A report in the Law Society Gazette yesterday says that a review of leading law firms’ accounts shows that years of enhanced partner distributions and lean approaches to cash management have left firms vulnerable to financial shock.
The study, published by Augusta Ventures, a litigation funder, shows that out of 40 LLPs studied, 55% had insufficient cash on their balance sheets to cover one month’s operating expenses, and 38% would not be able to meet one month’s salary bills.
The review was based on the publicly available financial accounts of the top 40 UK LLP law firms by revenue that report on a consolidated basis.
Firms that are under-capitalised will find it all the harder to deal with the impact of Covid-19, which is inflicting a massive financial shock to all sectors of the economy.
Author of the study, Andrew O’Connor, concludes: ‘The rate of cash burn experienced by law firms during this period will place significant strain on balance sheets.’
Last week a survey of nearly 8,000 legal practices by the Law Society suggested that thousands of high street firms could shut within six months because of financial pressures as a result of the crisis.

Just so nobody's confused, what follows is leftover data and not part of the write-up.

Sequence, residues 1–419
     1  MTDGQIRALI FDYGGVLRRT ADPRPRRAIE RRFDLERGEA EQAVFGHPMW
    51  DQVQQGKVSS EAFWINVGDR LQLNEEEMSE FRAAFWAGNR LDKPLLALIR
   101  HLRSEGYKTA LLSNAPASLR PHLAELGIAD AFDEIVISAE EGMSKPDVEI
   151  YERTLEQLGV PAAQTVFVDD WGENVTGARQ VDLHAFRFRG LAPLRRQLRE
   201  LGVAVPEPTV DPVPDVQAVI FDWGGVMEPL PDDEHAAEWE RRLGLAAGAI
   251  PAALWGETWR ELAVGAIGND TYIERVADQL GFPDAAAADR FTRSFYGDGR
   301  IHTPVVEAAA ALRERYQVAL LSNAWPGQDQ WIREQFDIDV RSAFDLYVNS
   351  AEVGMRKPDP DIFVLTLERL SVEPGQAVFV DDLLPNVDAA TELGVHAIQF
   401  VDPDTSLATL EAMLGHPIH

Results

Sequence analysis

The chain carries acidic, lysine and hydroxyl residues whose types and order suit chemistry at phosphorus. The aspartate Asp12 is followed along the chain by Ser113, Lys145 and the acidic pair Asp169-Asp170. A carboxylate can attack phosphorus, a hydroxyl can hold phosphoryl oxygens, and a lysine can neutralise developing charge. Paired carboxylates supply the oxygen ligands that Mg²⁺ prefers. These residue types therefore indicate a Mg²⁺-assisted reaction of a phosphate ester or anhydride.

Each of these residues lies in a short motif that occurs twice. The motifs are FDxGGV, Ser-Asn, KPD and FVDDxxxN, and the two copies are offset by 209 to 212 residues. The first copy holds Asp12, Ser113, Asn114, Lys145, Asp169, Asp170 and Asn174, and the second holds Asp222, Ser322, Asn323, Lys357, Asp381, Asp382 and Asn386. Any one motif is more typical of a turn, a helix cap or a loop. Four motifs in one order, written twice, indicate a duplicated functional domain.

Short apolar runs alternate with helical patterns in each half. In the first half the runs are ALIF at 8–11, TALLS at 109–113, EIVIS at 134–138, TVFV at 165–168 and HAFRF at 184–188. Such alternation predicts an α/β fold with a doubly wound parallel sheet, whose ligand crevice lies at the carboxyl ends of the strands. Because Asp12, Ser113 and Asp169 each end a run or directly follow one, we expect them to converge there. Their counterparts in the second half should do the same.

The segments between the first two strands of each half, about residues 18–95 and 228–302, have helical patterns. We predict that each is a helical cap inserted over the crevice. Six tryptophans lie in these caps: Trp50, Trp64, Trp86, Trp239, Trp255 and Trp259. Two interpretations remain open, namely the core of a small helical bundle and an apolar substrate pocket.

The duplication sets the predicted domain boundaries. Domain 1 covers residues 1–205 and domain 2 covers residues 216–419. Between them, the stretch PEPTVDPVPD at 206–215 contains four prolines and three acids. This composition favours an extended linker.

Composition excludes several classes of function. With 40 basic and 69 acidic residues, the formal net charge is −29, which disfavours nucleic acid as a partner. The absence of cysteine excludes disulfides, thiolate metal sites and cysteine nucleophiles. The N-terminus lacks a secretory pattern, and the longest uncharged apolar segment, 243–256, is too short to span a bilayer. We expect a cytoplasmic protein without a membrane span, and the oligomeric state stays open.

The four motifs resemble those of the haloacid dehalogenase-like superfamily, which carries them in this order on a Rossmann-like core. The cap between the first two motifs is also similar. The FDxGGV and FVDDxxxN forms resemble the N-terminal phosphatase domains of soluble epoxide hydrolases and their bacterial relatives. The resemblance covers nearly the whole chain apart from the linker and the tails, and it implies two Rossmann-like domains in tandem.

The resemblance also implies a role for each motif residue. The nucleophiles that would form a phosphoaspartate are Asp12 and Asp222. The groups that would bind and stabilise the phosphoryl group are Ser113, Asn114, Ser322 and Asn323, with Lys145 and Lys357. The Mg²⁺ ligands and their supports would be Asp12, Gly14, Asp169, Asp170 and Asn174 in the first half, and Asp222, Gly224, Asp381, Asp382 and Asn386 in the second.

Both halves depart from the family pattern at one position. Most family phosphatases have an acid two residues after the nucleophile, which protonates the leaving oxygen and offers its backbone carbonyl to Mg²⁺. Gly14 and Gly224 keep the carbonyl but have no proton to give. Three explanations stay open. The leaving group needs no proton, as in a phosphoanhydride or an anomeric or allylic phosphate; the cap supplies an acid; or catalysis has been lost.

Cash flow pressures and lower fee income have put more than half of all the legal practices in England and Wales at risk.
“The shock to the legal services sector has been sudden and severe,’ commented Law Society president Simon Davis.
“There are widespread concerns over liquidity as firms face a dramatic plunge in income with work falling away.
“Although a firm may be open for business, this does not mean it is business as usual.
“Residential property transactions have ground to a halt.
“Reduction in court hearings has massively impacted on the amount of work available – while social distancing and the lack of face-to-face meetings is causing difficulty delivering in other areas, such as the execution of wills.”